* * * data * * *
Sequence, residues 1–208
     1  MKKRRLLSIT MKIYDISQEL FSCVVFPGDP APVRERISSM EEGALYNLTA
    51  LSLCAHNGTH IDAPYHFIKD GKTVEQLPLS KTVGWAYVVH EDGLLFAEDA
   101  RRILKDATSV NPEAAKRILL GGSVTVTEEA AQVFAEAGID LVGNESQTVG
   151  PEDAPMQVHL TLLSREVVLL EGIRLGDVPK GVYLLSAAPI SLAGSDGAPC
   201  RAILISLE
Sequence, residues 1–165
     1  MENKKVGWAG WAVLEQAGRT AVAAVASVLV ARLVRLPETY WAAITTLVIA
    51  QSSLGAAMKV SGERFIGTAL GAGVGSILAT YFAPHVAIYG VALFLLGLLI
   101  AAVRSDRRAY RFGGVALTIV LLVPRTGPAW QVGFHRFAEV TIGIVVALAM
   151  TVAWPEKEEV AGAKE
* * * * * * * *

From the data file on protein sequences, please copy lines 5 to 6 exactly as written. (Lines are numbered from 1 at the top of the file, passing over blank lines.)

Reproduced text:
   151  PEDAPMQVHL TLLSREVVLL EGIRLGDVPK GVYLLSAAPI SLAGSDGAPC
   201  RAILISLE